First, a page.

Forty years ago, Connecticut got an infusion of Texas-style barbecue when Robert Pearson, a New York hairdresser originally from London, moved to the coastal town of Stratford to open Stick to Your Ribs in an unlikely career move.

He told the New York Times in 1984 that his many trips to Texas convinced him to import a smoker (made by J&R Manufacturing) and loads of mesquite wood from the Lone Star State. “[The barbecue] smelled so good you really got a high just being there,” he said of the smokehouses in Texas. Pearson went on to serve his famous brisket in New York City before retiring in 2005. On a recent trip to the Constitution State, I found two impressive barbecue joints following Pearson’s lead: Hindsight Barbecue, in Waterbury, and Hoodoo Brown Barbeque, in Ridgefield.

A decade after Pearson’s retirement, Cody Sperry brought Texas-style barbecue back to Connecticut about thirty miles inland from Stratford at Hoodoo Brown Barbeque, in Ridgefield. The Connecticut native’s story is similar to Pearson’s in that a trip to Texas changed his career trajectory forever. He began with smokers from Georgia before settling on a trio of Moberg smokers, made in Dripping Springs. Hoodoo has always cooked with wood, though brisket wasn’t always the star.

“When we first opened, it was all ribs and cornbread,” Sperry said of early customer requests. He knew from his first bite of a burnt end at Louie Mueller Barbecue, back in 2012, that they’d eventually come around. “Wayne [Mueller] hit us with this sample piece of brisket, and it was that aha moment,” he remembered fondly. It took about two years for smoked beef to catch on at Hoodoo, but the joint now serves fifty to sixty whole briskets on a busy Saturday.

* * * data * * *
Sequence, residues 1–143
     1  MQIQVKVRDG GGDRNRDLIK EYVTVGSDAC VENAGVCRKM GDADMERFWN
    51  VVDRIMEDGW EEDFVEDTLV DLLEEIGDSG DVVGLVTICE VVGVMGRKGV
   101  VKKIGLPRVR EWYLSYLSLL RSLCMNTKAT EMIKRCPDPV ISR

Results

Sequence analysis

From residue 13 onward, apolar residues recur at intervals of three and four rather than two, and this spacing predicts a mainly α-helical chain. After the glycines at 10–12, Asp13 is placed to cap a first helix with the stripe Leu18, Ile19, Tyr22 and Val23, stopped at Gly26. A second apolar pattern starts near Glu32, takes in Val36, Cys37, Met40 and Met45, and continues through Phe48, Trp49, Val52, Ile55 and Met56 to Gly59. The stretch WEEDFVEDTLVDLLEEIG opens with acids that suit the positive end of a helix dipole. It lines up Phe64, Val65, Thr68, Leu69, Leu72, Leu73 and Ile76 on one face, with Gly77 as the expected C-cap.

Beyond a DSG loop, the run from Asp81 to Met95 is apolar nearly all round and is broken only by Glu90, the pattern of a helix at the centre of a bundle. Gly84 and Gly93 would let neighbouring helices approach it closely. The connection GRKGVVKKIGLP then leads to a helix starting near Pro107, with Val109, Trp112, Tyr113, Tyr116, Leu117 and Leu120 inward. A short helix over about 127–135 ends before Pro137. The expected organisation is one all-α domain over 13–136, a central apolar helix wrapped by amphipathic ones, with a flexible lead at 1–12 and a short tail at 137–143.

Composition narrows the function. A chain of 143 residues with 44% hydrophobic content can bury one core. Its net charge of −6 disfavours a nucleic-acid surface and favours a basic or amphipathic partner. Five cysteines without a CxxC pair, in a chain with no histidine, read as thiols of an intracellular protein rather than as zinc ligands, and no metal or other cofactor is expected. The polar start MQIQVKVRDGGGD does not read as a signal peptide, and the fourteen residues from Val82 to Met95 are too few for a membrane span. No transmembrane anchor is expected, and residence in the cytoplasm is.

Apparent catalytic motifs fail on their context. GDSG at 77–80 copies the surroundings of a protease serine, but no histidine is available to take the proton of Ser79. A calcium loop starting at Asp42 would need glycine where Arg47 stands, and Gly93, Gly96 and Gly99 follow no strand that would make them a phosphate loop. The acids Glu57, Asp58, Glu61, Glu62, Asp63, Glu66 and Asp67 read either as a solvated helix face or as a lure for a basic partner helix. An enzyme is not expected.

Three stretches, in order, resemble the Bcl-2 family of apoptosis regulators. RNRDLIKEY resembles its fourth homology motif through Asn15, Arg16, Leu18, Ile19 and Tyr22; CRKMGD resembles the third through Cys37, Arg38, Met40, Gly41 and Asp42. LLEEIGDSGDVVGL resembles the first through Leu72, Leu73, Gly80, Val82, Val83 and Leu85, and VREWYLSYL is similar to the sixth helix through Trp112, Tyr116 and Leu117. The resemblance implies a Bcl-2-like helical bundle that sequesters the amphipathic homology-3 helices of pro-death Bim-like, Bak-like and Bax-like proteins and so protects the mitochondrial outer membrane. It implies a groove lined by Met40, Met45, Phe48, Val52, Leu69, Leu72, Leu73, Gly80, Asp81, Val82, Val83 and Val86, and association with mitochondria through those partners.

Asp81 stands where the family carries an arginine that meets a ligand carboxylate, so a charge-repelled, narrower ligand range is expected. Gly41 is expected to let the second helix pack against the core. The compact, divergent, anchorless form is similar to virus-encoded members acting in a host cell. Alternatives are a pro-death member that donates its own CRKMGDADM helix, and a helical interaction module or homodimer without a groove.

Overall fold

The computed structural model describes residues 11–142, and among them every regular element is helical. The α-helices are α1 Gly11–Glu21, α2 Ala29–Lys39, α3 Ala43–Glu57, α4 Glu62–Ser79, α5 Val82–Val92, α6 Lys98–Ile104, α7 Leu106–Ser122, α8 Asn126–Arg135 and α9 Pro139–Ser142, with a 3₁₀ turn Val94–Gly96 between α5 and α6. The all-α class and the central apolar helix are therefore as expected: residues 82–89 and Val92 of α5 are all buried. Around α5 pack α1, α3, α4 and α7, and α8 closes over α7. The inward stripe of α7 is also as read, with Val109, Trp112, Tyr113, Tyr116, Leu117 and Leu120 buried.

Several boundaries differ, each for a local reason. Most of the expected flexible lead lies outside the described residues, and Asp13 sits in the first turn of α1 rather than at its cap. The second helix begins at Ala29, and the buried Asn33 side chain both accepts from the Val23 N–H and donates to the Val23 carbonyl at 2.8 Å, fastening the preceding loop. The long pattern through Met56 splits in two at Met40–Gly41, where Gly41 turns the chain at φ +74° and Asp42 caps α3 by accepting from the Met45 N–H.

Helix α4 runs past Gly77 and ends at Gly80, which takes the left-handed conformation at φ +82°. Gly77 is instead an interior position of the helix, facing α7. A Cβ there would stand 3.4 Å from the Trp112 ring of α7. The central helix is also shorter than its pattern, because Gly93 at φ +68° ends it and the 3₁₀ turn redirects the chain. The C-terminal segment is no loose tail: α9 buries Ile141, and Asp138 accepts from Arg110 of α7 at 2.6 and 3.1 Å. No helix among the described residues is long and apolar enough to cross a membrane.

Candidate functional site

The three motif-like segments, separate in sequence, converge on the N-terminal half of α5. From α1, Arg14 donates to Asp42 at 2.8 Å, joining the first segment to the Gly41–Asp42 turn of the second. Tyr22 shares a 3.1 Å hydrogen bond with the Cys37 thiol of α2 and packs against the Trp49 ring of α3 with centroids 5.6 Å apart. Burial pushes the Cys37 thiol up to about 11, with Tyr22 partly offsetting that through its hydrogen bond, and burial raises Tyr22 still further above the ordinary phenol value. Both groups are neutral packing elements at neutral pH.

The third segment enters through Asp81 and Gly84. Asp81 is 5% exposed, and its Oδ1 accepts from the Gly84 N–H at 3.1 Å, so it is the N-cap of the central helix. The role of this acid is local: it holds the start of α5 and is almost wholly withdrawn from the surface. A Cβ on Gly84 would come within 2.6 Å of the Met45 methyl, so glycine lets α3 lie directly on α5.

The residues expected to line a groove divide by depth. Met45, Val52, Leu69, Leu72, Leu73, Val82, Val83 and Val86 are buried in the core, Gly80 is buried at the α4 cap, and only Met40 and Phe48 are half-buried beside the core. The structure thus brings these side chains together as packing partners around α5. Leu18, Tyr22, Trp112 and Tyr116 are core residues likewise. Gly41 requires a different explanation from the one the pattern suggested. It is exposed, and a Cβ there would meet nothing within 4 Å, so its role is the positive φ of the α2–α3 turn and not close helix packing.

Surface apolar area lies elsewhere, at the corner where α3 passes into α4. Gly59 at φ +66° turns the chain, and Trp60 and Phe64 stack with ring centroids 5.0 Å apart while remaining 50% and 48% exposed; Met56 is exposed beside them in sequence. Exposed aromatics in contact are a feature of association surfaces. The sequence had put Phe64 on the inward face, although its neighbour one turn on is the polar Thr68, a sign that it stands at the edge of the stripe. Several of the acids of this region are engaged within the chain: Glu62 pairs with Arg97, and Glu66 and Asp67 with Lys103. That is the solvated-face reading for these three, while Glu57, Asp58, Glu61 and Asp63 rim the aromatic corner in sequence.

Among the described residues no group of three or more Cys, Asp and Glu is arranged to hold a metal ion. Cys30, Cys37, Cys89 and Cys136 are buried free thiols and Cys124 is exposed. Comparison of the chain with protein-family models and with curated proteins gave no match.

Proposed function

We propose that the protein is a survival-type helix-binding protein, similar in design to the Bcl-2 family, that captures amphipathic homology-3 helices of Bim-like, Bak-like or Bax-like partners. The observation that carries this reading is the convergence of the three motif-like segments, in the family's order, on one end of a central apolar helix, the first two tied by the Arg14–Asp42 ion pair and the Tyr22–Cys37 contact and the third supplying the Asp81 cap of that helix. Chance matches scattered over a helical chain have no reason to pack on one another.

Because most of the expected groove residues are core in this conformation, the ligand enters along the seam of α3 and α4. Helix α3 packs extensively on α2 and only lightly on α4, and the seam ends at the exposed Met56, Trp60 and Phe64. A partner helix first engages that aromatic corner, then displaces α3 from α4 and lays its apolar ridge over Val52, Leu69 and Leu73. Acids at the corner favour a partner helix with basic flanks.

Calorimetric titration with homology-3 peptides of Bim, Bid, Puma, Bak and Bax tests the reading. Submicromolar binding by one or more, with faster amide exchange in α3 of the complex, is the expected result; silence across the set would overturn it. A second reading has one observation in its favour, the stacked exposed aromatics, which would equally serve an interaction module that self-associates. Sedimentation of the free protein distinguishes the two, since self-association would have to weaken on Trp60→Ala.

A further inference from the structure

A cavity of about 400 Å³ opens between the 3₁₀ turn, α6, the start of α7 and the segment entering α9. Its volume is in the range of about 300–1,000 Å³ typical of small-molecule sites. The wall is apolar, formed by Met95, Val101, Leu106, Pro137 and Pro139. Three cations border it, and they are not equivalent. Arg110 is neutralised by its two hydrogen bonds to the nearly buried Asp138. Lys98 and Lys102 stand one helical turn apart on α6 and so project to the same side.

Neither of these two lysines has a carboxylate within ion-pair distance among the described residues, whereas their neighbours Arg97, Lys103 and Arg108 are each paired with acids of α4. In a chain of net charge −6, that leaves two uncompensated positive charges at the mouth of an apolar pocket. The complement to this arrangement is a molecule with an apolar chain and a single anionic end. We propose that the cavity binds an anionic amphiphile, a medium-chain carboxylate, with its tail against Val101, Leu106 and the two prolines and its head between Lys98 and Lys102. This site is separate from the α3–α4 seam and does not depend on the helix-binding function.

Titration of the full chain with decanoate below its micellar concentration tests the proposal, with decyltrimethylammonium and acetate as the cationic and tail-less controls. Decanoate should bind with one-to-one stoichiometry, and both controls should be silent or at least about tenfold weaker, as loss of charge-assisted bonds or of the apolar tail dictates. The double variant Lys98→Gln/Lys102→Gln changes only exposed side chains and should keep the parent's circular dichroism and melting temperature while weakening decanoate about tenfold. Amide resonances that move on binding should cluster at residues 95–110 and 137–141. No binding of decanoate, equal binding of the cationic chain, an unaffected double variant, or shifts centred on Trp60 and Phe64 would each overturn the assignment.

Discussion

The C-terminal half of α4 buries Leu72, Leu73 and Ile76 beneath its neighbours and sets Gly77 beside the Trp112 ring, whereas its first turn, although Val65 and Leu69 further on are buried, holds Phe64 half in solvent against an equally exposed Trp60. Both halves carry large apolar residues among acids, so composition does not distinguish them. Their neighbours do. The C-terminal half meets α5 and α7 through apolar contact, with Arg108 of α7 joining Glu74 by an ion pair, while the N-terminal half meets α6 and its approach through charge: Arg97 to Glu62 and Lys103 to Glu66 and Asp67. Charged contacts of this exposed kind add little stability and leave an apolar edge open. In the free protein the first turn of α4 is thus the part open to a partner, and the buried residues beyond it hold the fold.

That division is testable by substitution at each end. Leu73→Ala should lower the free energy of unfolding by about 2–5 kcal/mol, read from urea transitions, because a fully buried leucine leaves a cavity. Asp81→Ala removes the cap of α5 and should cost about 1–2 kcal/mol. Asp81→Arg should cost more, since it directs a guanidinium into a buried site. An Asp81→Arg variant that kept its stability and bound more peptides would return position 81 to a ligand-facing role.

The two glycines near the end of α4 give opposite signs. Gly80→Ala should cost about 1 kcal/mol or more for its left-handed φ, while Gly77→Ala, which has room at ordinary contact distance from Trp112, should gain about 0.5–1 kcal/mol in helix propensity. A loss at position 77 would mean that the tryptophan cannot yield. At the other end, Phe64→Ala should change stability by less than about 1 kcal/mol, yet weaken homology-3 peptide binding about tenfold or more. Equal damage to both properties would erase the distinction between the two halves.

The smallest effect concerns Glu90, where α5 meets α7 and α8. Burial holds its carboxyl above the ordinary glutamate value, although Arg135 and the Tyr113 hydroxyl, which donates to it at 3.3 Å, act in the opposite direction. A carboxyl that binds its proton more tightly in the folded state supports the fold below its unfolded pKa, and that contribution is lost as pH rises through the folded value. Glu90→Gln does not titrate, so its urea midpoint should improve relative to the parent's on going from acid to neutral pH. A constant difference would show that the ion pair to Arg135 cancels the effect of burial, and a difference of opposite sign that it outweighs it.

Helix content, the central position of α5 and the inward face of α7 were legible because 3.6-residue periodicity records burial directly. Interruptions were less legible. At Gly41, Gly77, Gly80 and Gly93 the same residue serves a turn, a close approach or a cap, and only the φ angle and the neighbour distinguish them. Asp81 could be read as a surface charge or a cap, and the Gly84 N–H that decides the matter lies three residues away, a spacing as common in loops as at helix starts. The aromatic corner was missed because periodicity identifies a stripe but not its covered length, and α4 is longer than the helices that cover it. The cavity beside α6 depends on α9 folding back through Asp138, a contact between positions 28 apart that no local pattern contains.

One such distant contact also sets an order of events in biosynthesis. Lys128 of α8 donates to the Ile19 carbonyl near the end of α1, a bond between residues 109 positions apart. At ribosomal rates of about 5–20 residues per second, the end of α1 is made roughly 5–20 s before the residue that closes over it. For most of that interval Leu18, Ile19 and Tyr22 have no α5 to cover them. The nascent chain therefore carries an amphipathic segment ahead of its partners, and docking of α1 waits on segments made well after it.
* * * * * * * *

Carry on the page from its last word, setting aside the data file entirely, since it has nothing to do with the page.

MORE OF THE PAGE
You’ll see the smoke before the building when pulling up to the restaurant. Ridgefield seems to have more lax requirements for outdoor cooking than cities in Texas, so the smokers are chugging away in the parking lot without an enclosure or even a roof. Sperry said he’s chosen to ask for forgiveness rather than permission in a community that doesn’t have much familiarity with wood cooking. He did say the health department has recently asked the restaurant to build an enclosure behind it to house the growing smoker fleet.

Tyler Hodge is the one likely tending to those smokers. The barbecue hobbyist left his accounting job three years ago to become lead pitmaster at Hoodoo. He calls himself the Sausage King of Connecticut on Instagram, a title without many real contenders. He regularly posts videos of himself snapping his creations in half like a hand model in a Kit Kat commercial. On the day I visited, he had a batch of links stuffed with the ingredients from Truth Barbeque’s Tater Tot Casserole. He felt the trial run needed more potato, but I loved the chunky bacon lardoons mixed in with the ground meat and cheese—and, of course, it had great snap.